Valve is killing Steam Greenlight

Valve has announced plans to kill off Steam Greenlight, its service that lets Steam users vote on games from small developers that they'd like see come to the Steam marketplace. Following Greenlight's exit this spring, Valve plans to launch Steam Direct — a new system that dispenses with the voting aspect and allows developers to have a simpler, more direct line of publishing their games on Steam.

So what's the reason for the shift? Speaking to Eurogamer, Valve cited Greenlight's unpredictability for developers:

"Right now the system of Greenlight, as a way of bringing your game to Steam, inherently has a bunch of unpredictability in it," said Valve's Aiden Kroll at a media roundtable attended by Eurogamer at the company's Bellevue, Washington headquarters."As a developer, I post my game to Greenlight [and] I don't know how long it's going to take until my game is greenlit," he added. "So it makes it hard for me as a developer. Am I going to be able to release on date X? When should I start spinning up any community outreach? When should I start talking to the press about my game? As soon as there's some amount of unpredictability in that process it makes a bunch of other things much more difficult for developers."

Greenlight originally launched in 2012, and promised a way for Valve to streamline the process of evaluating which smaller games should be published to the Steam by allowing customers to vote on their favorites. As a sign of its success, 2016 alone saw more than 4,000 games make their way to the Steam (though not all through the Greenlight program). However, Greenlight has received its fair share of criticism, particularly over the number of low-quality games that make their way through the program.

In Greenlight's place, the new Steam Direct system will do away with the voting process and allow developers to simply apply to be published by filling out a form, having their game pass a basic QA test, and paying a fee to launch. The exact cost of publishing isn't yet known, but Eurogamer's report notes that Valve is considering anywhere between $200 and $5,000 per project.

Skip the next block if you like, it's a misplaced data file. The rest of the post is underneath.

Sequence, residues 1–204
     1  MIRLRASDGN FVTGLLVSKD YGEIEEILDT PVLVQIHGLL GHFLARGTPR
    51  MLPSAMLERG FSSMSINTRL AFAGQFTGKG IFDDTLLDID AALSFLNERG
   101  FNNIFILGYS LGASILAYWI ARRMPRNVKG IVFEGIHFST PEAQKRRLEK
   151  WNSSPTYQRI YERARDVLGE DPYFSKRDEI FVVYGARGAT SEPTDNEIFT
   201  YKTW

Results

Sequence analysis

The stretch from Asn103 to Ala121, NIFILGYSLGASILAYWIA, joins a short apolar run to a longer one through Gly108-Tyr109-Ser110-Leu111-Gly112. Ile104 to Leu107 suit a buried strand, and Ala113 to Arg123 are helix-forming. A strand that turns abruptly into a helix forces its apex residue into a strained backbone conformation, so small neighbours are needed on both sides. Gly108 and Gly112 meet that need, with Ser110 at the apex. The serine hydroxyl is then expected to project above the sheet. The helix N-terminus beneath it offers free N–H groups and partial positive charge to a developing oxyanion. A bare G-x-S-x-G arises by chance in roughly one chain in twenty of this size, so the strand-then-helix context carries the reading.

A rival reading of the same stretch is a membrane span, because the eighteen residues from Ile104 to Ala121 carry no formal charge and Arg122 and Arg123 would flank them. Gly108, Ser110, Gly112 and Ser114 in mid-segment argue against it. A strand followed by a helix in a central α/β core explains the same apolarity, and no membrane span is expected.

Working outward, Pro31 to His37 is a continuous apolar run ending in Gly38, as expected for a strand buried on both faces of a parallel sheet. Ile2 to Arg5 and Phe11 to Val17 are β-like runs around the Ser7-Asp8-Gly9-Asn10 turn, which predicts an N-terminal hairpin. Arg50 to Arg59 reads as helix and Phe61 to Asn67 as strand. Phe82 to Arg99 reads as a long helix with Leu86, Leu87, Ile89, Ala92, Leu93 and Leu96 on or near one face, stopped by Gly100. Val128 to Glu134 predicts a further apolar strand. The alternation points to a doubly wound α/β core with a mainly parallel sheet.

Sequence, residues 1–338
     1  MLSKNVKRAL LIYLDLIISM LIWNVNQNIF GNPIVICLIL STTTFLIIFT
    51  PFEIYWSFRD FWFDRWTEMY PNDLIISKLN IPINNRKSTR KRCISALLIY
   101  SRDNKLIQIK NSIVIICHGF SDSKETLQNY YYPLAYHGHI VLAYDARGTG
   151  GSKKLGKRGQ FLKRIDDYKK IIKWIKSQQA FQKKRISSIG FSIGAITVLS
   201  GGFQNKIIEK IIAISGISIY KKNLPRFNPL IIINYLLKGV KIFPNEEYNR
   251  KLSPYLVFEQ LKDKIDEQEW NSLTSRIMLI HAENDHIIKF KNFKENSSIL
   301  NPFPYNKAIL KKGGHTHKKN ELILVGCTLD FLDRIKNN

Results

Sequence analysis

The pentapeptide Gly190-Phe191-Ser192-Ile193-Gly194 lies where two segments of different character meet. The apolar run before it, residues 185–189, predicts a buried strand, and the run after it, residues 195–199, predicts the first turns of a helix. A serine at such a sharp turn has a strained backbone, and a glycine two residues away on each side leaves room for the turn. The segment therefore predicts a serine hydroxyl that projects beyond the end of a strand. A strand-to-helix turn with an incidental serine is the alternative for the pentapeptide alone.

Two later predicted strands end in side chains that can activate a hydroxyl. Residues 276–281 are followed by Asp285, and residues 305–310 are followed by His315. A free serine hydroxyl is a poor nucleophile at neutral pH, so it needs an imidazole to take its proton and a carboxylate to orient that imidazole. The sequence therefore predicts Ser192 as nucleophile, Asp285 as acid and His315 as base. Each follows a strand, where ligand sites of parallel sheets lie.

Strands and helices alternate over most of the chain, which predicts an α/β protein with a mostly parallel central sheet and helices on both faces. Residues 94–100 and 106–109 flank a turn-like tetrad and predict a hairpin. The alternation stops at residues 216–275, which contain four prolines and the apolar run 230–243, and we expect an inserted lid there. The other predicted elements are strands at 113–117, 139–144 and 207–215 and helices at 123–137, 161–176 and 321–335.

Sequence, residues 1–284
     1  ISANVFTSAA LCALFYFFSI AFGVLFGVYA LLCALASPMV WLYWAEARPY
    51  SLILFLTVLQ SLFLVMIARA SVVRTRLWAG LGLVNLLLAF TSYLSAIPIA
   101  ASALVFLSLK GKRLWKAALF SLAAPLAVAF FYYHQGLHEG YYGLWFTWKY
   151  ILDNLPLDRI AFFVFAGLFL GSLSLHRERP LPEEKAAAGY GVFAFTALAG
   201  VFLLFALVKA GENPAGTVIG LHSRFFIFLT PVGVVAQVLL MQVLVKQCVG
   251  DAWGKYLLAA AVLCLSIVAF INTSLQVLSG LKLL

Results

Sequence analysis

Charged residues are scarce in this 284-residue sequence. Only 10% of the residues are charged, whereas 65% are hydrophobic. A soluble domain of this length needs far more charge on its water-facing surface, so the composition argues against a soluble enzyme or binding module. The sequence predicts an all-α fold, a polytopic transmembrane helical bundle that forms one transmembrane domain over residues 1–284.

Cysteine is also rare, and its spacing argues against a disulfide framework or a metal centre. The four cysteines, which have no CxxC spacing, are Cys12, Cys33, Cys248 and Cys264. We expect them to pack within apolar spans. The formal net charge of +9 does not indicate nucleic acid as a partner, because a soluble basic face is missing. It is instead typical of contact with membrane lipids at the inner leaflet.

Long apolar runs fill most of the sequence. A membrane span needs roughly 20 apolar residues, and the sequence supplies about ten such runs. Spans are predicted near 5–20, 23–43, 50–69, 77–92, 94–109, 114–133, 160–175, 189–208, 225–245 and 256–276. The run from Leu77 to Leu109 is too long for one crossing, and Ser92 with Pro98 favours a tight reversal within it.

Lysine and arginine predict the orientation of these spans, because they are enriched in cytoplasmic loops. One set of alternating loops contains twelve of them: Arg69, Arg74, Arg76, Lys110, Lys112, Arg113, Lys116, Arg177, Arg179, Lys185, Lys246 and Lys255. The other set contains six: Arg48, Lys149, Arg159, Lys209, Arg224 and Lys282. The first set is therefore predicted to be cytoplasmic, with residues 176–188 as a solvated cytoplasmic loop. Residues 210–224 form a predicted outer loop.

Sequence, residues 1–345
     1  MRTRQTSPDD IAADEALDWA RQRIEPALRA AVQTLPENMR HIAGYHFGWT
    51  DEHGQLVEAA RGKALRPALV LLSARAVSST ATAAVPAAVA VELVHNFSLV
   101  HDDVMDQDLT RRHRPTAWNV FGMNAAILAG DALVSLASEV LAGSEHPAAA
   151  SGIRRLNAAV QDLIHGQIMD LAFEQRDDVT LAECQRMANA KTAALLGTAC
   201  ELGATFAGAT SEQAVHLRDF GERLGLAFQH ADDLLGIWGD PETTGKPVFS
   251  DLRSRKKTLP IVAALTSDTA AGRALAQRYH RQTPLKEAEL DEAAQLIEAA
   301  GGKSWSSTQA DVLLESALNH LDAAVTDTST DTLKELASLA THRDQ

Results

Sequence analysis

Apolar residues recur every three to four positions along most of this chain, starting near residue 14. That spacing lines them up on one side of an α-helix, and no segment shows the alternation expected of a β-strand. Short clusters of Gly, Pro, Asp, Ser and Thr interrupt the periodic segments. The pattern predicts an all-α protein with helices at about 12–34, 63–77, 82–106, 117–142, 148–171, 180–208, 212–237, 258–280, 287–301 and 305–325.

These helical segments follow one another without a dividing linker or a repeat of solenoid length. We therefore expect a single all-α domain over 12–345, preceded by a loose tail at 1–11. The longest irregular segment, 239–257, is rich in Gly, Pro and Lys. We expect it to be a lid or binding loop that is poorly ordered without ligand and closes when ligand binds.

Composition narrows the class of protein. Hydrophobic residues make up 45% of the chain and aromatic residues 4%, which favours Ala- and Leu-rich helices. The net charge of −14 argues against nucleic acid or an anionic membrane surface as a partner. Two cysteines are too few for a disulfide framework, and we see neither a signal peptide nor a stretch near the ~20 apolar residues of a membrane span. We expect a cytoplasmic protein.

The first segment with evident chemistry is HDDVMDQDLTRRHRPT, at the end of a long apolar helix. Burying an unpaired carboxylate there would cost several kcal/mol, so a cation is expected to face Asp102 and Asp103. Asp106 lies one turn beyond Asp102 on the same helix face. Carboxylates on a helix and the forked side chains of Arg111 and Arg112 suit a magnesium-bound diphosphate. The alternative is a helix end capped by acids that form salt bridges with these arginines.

Dan Thorp-Lancaster is the former Editor-in-Chief of Windows Central. He began working with Windows Central, Android Central, and iMore as a news writer in 2014 and is obsessed with tech of all sorts. You can follow Dan on Twitter @DthorpL and Instagram @heyitsdtl

  • So a more direct route to crapware?
  • That could very well be the case, but the QA process will hopefully be a small barrier to entry for some of the more blatant crap that has littered Steam recently. Depending on where they price the per-project publishing fee, I could see it stemming some of the tide in favor of more quality projects as well. It's still inherently pretty open, though, so you're likely going to see some of the same crappy asset flips you see now.
  • This gives Valve more control over what gets published as opposed to having to publish based on user votes. This is a good thing as they will be able to vet and reject crapware without seeming tyrannical. Users may not be able to tell what is crapware at the moment they vote, but Valve will most likely have a wide array of resources as its disposal. Half-assed conclusions are pointless.
  • Ah, I must have misunderstood the process. I thought that it meant that it was skipping the voting process and letting anything be posted that went up for votes.
  • Possibly to avoid more goat simulator or operating room game from getting in.
  • Communities have failed in internal systems of peer review like this. XBLIG and green light are prime examples. It becomes a nest of back scratching to release my game helping someone pass theirs. Not off real problems that need addressing before launch. While they are good concepts steam needs to follow ms approach in having these smaller guys communicate thru a company handled review system that tightens and stream lines the process while helping devs know how long itll be before a game can launch.